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IRS Can Access Your Email To Verify Your Tax Report

Bill of RightsBill of Rights

 

Usually, when the government wants to see what you do, either online or in your own home, they need to get a warrant to do it. They need to show a judge that what you do may be illegal, or connected to illegal activities, because they have some reason to believe so. In recent years however, the online protections have been diminished through laws like the PATRIOT Act, but this usually applies to major crimes or issues of national security. However, the ACLU blows the whistle on a recent document obtained from the IRS that shows the agency thinks that checking on your income tax return is a good enough reason to spy on your online activities including reading your email.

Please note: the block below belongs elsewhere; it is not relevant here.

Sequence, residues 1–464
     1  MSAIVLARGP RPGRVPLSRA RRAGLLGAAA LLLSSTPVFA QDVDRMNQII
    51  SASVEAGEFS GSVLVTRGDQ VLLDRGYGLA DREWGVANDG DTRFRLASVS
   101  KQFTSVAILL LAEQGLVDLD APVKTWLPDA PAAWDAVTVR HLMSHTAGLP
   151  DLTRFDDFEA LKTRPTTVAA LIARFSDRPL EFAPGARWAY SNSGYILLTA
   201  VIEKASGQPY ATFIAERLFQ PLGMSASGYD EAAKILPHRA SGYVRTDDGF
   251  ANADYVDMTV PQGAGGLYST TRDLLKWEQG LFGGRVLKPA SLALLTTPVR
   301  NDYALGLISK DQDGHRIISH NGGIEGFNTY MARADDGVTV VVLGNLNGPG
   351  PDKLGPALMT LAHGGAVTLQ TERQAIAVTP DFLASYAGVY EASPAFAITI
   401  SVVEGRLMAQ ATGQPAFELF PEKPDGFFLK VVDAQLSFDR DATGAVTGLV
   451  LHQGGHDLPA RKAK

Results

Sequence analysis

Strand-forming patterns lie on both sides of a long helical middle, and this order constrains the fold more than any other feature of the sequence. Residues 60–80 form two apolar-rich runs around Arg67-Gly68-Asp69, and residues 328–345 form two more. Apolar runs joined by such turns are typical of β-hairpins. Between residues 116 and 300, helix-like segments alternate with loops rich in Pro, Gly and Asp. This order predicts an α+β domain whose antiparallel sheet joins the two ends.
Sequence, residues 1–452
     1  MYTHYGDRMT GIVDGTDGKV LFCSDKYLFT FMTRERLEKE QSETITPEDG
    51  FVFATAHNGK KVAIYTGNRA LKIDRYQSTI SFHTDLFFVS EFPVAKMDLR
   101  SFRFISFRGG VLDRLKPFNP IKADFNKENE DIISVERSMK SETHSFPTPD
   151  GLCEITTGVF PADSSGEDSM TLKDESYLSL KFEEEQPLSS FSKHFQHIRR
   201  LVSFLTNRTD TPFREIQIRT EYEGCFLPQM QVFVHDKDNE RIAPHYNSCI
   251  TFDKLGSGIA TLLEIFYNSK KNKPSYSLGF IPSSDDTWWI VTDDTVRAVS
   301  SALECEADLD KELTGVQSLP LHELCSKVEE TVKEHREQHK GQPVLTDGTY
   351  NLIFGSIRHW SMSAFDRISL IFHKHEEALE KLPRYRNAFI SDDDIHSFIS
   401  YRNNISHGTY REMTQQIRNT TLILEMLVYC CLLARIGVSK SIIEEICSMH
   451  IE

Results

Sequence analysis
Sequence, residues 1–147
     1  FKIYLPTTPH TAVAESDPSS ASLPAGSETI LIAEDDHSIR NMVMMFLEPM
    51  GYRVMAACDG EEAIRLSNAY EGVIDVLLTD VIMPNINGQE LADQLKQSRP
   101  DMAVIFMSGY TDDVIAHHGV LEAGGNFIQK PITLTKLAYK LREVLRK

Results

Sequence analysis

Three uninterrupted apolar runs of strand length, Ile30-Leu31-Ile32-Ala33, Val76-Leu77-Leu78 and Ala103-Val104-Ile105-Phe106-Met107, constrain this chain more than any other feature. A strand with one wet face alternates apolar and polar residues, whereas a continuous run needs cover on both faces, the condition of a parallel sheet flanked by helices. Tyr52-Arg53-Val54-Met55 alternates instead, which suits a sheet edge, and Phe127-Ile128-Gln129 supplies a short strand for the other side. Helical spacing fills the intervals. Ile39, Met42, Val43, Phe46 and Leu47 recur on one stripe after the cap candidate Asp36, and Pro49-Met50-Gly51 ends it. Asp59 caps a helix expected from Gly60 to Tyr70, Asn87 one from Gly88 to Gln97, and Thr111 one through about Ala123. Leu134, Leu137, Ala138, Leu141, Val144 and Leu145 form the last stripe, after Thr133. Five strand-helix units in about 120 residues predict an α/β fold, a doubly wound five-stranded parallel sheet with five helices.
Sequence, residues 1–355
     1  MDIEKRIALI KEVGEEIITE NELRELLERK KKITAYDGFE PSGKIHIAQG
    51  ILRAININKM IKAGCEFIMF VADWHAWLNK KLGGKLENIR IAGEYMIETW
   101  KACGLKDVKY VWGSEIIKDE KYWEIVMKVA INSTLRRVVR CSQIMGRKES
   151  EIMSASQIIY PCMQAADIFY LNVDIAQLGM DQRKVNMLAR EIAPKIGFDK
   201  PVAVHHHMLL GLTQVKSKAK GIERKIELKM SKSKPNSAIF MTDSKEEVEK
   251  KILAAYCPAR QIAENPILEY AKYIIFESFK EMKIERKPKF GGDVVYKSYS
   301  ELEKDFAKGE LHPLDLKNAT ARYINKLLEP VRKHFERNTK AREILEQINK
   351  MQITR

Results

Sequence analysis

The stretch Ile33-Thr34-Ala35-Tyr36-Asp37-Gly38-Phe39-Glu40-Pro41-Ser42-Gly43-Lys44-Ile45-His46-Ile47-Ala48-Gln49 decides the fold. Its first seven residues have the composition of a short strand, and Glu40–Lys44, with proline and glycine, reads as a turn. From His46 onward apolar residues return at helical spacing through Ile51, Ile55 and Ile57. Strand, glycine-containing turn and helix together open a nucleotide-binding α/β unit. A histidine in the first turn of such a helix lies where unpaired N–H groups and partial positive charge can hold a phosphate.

This disclosure comes in the form of a Freedom of Information Request that the ACLU sent last year, and they received 247 pages of policies that the agency uses when dealing with privacy and information. In it, the IRS does not specify whether it always obtains a warrant in order to access email. In fact, the language used indicates that it may well go to email providers instead, and request that information directly, without probable cause. This may particularly be true for their criminal tax evasion division.


Not that long ago, the Supreme Court upheld the need for warrants in the United States v. Warshak case, especially in regards to emails. However, there is no sign that the Warshak case is being listened to when the IRS does business. So with the situation still unclear, you may want to be careful what communication protocol you use when talking to your accountant, or bank manager. If at some point the IRS decides that you owe back taxes, those emails may come back to hurt you.